Billy Young
Senior Software Engineer

What does your flow state look like?

I have an open block on my calendar for a couple of hours, with no meetings. My digital surroundings are clean — I don’t have any urgent emails or Slack messages to respond to, so I can focus on whatever to-do item is in front of me. This often happens in the late afternoon when the day starts to wind down. I have a plan of attack laid out in my head, and I’m running through the process. My brain is on high alert, ready to react and adjust plans based on any new information that comes up while I’m working on a task.

How do you personally get into a flow state?

If it’s a task that requires me to grind it out without too much planning or contemplation, I have a handful of go-to high-energy rock songs that I’ll play through my headphones. Otherwise, it’s mostly finding the time and space to feel like I can make a good chunk of progress on the project at hand.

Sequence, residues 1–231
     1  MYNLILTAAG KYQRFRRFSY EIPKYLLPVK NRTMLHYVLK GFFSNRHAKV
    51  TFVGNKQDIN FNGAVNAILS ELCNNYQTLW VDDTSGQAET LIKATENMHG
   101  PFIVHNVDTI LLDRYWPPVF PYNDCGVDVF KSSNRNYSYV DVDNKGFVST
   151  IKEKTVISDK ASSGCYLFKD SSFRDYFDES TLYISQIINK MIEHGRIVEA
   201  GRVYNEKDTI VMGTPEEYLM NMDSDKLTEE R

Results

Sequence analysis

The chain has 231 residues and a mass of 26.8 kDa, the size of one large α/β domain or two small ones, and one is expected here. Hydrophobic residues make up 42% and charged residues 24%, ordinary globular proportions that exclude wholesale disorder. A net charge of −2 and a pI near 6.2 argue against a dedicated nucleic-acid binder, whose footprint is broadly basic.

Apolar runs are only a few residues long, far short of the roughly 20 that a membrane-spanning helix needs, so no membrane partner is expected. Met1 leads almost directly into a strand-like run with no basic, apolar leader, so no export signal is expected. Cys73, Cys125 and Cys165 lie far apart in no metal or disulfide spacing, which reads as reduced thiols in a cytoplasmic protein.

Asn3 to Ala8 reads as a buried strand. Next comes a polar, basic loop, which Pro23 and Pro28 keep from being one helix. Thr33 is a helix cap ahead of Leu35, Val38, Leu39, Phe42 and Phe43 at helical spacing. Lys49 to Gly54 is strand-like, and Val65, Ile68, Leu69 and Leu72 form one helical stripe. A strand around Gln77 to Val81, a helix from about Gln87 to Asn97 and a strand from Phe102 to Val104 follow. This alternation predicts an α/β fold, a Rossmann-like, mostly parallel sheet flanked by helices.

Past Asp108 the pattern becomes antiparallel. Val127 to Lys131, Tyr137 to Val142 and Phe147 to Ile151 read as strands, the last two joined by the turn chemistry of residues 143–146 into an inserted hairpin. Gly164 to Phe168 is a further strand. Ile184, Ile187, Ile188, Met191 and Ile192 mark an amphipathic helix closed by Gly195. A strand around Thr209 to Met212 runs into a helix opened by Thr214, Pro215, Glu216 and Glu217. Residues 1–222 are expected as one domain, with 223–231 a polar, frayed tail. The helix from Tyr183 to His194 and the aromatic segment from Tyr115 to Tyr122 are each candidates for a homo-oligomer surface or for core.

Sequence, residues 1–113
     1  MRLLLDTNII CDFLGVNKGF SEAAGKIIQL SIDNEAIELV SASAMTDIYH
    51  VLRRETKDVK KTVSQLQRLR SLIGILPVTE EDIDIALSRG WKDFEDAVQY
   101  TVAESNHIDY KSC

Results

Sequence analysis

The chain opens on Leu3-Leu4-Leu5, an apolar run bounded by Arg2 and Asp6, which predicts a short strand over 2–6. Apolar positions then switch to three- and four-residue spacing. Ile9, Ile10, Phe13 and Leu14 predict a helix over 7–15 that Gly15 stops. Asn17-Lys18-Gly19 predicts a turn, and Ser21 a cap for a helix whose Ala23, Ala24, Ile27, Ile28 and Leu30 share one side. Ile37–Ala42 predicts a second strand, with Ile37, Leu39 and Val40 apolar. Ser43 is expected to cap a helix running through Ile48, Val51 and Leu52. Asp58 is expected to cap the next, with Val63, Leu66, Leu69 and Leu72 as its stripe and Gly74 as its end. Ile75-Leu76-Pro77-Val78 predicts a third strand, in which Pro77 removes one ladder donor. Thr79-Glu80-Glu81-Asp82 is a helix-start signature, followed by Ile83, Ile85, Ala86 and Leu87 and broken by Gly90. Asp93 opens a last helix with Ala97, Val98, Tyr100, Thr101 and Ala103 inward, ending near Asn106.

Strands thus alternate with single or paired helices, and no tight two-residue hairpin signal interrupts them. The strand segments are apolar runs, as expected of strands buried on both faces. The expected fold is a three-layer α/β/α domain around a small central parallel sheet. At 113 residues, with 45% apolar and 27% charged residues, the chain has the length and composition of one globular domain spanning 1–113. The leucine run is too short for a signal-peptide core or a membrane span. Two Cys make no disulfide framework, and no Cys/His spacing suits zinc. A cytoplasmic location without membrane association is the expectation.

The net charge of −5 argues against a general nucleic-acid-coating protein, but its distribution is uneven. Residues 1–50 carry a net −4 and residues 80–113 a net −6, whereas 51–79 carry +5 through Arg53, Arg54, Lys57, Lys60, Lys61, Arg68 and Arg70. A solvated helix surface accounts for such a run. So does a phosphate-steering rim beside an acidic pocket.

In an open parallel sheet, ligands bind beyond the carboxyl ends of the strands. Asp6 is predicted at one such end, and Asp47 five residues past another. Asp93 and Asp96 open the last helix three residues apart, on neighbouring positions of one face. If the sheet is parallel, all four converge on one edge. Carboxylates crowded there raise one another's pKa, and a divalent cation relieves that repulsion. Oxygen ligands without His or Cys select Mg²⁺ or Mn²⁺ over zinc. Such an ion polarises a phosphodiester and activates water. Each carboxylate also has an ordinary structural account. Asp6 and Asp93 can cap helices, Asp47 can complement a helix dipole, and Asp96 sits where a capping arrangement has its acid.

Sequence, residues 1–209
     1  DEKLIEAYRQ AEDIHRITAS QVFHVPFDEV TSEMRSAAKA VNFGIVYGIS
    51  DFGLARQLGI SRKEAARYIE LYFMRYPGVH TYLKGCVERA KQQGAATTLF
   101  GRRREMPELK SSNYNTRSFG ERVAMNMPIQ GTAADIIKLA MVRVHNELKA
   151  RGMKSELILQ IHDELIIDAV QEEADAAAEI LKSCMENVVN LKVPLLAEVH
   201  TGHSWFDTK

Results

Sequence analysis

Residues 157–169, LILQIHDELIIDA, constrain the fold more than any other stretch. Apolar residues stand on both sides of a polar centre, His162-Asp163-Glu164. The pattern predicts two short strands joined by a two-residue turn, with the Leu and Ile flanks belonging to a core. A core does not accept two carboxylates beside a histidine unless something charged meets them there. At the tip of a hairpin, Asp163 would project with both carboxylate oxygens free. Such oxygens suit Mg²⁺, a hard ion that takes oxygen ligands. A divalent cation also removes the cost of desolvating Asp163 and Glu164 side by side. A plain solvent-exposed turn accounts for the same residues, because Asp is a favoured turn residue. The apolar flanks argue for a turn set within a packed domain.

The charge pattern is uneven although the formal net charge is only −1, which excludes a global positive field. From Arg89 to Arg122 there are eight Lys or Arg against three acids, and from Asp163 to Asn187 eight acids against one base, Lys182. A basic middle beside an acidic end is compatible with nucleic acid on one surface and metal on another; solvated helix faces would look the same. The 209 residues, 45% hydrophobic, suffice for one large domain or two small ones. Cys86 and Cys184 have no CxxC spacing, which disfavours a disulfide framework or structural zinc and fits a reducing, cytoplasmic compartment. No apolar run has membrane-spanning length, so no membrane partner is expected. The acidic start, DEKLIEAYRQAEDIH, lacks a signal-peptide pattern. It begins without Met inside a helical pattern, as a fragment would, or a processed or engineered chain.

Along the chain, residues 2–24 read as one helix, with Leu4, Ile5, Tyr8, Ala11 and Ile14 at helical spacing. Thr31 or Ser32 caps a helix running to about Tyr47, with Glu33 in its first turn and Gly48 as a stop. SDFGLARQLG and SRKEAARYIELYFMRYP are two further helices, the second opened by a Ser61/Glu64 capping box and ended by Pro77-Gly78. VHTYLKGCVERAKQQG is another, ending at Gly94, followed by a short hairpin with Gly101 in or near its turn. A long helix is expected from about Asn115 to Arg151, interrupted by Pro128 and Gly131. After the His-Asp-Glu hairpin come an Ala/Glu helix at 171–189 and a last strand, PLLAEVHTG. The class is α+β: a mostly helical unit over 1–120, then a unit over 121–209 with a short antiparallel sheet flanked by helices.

What tips or advice do you have for others who might be struggling to get in the zone? 

Sleep, hydrate and eat well! It’s said so often because it works. But regardless, always find what works for you and listen to yourself. Beware of distractions. There are always some things you can and should ignore or do later, but some things are better done right away. Procrastinating on that email will affect your concentration and ability to get into the flow, even though it will take less than 10 minutes to complete.

Reduce context switching. Even if you’re very aware of the cost of context switching, you’re probably still underestimating the impact on your efficiency.


Context switching

Context switching takes a toll on human productivity. Each notification that pulls focus away from the task at hand creates a sense of a higher workload and adds to perceived effort. According to a study from the University of California, Irvine, just 20 minutes of notifications or small interruptions contribute to a higher “disruption cost” in the workplace, reducing the ability to enter flow while raising an individual’s stress level. 




Martin Stancanelli
Software Engineer

What does your flow state look like?

My flow state is when everything is in a “problematic harmony.” I like problem solving. When I’m deep into trying to solve something, time flies by. There is no better place to get into the zone than my desk next to the window, with the afternoon sun coming in and seagulls squawking in the distance. I’m an afternoon person so that time after lunch is when productivity spikes, and I can get things done.